I watched the clock as I walked on the treadmill. I had intentionally scheduled the stress test appointment for 6 am, planning to drive the hour to my office and attend a 10 am meeting.
Suddenly I found myself laying on a hospital gurney with wires connected to a multitude of spots on my body and surrounded by a cardiology team.
One doctor repeatedly asked me how I felt. I didn't feel bad until one of them said,
“What your heart just did could be deadly and we want to take you upstairs.”
Confused by that comment and glancing at the clock once again I knew I needed to be finished soon or I would miss my meeting.
“What is upstairs?” I asked.
The explanation came quickly,
“The rhythm your heart just did can be caused by one of two things- you have blockages or your electrical firing system is not working correctly.”
Another voice jumped in with,
“The only way we can rule out blockages is by doing a heart catheterization and we need to do it now.”
I explained that I was an hour from home, I had come to the hospital alone and oh, by the way I had a 10 am meeting to get to.
Once again the two doctors played tag team with their responses, telling me I needed to get my husband there and that there was little chance of them letting me leave the room with this type of deadly rhythm. It was the third time I heard that word deadly that I asked them to please stop saying it and that I indeed wanted to call my husband.
The group left me alone to make the call. One cardiologist stood guard in the doorway watching me with a look of intense concern. The minute I put the phone down the group returned.
The speed at which I found myself swept upstairs into a private room with two nurses monitoring me swirled my confusion even more.
I laid there watching a different clock tick the minutes away until my husband would arrive. Feverishly clicking away on my phone I sent emails to my staff as I typed meeting cancelations and directions for the day. I sent texts to my children telling them the situation – at least what I knew.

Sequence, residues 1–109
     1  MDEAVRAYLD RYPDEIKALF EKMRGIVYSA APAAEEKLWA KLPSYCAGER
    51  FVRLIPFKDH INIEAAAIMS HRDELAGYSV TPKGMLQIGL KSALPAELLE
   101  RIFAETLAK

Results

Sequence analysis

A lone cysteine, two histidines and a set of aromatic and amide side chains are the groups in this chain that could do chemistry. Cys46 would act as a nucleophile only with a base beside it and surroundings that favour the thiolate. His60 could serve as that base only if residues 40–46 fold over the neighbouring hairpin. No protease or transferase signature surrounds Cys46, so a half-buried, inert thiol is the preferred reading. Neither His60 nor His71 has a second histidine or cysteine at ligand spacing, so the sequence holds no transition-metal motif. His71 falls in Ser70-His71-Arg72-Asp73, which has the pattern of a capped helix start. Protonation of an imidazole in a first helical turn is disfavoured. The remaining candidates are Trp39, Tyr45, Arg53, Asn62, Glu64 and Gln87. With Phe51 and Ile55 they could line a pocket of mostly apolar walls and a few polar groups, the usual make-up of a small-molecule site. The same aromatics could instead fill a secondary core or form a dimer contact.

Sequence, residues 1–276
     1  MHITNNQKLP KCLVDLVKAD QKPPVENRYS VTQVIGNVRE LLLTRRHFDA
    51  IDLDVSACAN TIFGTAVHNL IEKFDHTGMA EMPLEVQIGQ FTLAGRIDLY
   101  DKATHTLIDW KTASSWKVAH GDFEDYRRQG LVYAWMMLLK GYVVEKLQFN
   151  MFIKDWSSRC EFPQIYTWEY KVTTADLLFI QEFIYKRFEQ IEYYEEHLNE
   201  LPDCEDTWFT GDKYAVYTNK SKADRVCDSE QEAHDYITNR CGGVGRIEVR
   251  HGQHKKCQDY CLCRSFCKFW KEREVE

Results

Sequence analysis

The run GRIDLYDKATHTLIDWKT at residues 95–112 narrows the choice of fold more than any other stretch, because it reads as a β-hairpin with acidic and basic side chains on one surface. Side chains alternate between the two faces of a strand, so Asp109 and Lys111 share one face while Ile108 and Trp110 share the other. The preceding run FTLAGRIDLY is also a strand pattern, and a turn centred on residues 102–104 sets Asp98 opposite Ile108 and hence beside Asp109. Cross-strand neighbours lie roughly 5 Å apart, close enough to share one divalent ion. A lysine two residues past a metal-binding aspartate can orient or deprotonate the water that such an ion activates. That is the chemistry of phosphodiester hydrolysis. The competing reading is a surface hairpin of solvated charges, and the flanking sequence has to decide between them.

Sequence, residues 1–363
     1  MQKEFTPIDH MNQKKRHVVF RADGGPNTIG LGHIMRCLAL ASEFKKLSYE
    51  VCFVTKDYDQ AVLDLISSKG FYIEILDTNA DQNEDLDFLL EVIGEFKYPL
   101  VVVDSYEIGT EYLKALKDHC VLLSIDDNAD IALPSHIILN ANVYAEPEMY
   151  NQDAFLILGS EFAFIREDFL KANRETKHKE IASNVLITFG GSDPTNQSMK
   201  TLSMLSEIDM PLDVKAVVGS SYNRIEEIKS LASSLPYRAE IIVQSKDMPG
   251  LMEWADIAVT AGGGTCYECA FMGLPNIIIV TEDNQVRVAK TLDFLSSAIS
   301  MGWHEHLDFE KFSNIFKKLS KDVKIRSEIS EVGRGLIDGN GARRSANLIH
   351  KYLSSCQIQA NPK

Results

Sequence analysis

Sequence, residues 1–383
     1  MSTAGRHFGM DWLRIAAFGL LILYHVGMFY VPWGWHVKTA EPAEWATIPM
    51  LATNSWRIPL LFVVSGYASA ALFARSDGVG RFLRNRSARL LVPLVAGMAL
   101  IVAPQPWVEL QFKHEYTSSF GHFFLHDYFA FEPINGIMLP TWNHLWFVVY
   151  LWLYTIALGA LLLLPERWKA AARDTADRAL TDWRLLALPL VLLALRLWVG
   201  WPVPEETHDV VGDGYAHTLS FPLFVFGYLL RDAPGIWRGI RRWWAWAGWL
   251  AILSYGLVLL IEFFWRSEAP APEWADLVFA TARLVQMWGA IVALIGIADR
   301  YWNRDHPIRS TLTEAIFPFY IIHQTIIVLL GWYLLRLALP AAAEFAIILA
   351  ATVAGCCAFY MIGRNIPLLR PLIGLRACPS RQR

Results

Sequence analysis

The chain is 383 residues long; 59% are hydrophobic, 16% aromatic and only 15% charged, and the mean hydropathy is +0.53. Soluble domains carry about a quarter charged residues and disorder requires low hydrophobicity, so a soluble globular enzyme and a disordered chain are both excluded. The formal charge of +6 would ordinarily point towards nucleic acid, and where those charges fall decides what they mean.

Then I noticed that both nurses were constantly monitoring me and the machinery I was connected to. They never took their eyes off of me or left the room.
I knew this wasn’t good.
Finally I asked one of them
“What happened to me?”
She placed one hand on my arm while keeping her eyes on the machine.
“You experienced VTach – Ventricular Tachycardia. For most people who do that we have to bring them back with the paddles – if we get them back. You are very lucky.”
My phone slid out of my hand.
I vaguely remember the big screen which showed the dye running through my body and the doctor saying,
“There it goes… that is beautiful… not one blockage.”
The rest of the day, the follow up appointments and the new heart monitor, that I learned to wear like an accessory to my daily wardrobe, is a blurred memory.
My new “Electric Guy,” as I call him, is the Cardiologist that keeps me, my heart’s electrical system and my crazy rhythm controlled to avoid the mysterious fainting, bouts of weakness and blood pressure drops like I had experienced over the years.
While researching VTach, I learned a few things about exercise, staying hydrated and avoiding stairs. Then I came across the meaning of heart. Scrolling through the many medical definitions of this magical organ that pumps blood, I stopped on this:
Heart - noun \ˈhärt\: the central or innermost part of something; thought of as the place where emotions are felt
This is it! The heart is more than the organ that pushes blood through our bodies. I believe it is the innermost part of us. It is the place where emotions are created, felt and shared.
I believe that heart health goes much deeper than changing your diet, lowering salt intake and counting 10,000 steps per day.
I believe the heart has the power to push not only physical blood, but the lifeblood of love, kindness and joy through our bodies.
The care and health of our heart begins with feeling these emotions in order for the heart to pump them through our bodies and out into our lives. We must learn to respect these emotions, nurture them and grow them into feelings that help our heart function to its highest capacity.
Instead of worrying, I prefer to believe my heart has an eccentric rhythm… maybe not the same as everyone else’s, but it is unique and it is mine.
In addition to the list of heart healthy ideas we have all heard about, I support its emotional health by feeding it love, joy and kindness every chance I get!
I try not to watch the clock anymore and the most important meeting I have is one where I am kind to someone, love someone and through joy feed my innermost self- my heart, the place where emotions are felt.
~ ~ ~ ~ ~ ~ ~ ~ ~ ~ ~ ~ ~
Pennie’s Life Lesson:
“The foundation for good heart health begins with expanding
kindness, joy and love in the inner most self – our own heart.”
***Since we all learn from each other, I would love to have you share your thoughts and experiences relating to this post in a comment below. Thank you!***
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